Mouth-Fighting is Scientific, If You Don’t Like It, You Can Mouth-Fight Me

Photo from the article by Ryutaro Goto / Courtesy A. Richard Palmer.

Meet the Noisy, Head-Butting Marine Worms That Live Near Japan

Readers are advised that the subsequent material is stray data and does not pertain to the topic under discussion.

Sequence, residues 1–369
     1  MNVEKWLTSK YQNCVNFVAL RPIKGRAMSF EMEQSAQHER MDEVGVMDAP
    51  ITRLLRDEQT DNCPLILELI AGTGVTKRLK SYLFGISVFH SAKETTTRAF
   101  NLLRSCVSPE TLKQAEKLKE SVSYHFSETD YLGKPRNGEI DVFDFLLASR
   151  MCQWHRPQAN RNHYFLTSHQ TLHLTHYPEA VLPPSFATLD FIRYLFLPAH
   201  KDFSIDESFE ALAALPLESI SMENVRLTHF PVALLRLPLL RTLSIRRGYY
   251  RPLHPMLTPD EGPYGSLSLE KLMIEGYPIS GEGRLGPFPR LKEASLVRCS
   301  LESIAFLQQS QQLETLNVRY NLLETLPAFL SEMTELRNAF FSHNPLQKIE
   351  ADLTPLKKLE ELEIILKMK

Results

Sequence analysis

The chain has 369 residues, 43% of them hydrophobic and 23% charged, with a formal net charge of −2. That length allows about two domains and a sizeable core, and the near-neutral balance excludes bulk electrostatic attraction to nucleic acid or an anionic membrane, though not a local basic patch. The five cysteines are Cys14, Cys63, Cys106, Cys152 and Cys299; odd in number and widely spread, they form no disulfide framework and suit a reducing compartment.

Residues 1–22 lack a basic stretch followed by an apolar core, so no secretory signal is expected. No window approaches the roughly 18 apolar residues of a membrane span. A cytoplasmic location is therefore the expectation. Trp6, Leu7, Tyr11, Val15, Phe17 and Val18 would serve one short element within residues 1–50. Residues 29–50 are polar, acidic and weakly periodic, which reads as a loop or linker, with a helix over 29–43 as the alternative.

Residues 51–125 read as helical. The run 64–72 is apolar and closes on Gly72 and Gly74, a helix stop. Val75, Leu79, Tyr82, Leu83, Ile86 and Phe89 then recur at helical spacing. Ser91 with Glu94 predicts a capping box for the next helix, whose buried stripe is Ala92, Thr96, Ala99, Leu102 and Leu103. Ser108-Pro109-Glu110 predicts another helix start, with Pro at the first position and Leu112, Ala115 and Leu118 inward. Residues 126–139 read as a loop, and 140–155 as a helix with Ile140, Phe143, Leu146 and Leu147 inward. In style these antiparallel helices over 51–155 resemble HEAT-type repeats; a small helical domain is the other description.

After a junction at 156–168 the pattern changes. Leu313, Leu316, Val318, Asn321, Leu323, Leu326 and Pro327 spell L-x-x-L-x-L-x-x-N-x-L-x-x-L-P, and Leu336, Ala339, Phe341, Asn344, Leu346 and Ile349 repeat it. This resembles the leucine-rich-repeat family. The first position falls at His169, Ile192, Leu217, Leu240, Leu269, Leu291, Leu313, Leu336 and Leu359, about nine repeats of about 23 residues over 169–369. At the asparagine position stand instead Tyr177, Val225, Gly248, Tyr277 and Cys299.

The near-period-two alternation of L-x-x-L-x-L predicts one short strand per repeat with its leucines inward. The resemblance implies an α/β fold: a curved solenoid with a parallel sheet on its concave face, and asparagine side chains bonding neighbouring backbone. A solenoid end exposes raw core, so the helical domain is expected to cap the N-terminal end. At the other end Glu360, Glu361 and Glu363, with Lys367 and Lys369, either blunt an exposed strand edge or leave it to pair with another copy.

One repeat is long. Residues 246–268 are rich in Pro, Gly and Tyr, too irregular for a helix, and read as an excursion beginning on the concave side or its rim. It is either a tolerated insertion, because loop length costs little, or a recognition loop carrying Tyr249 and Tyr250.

It appears this “Strange Critters” segment is becoming a regular thing for the R.A.D. series (see the argonaut oceanic octopus featured a couple weeks ago). This week we’ve got a tiny (<3cm) deep sea worm engaging in what scientists are, with totally straight faces, calling “mouth-fighting” – and making a lot of noise while doing it. We’re talking 157 decibels of dueling worm pops and snaps. That may not sound like much until you consider that this is all underwater and a jet ski only generates about 125 decibels underwater. As to how the entirely soft-bodied, translucent worms accomplish this? Still a mystery, and understandably so given this species was only discovered in 2017 and makes its home within deep sea sponges more than 500 feet below the surface. The idea is these worms might create a bubble that then bursts (much like snapping shrimp), but it’s just theory at this point. R.A.D.ness is 100% confirmed, however.

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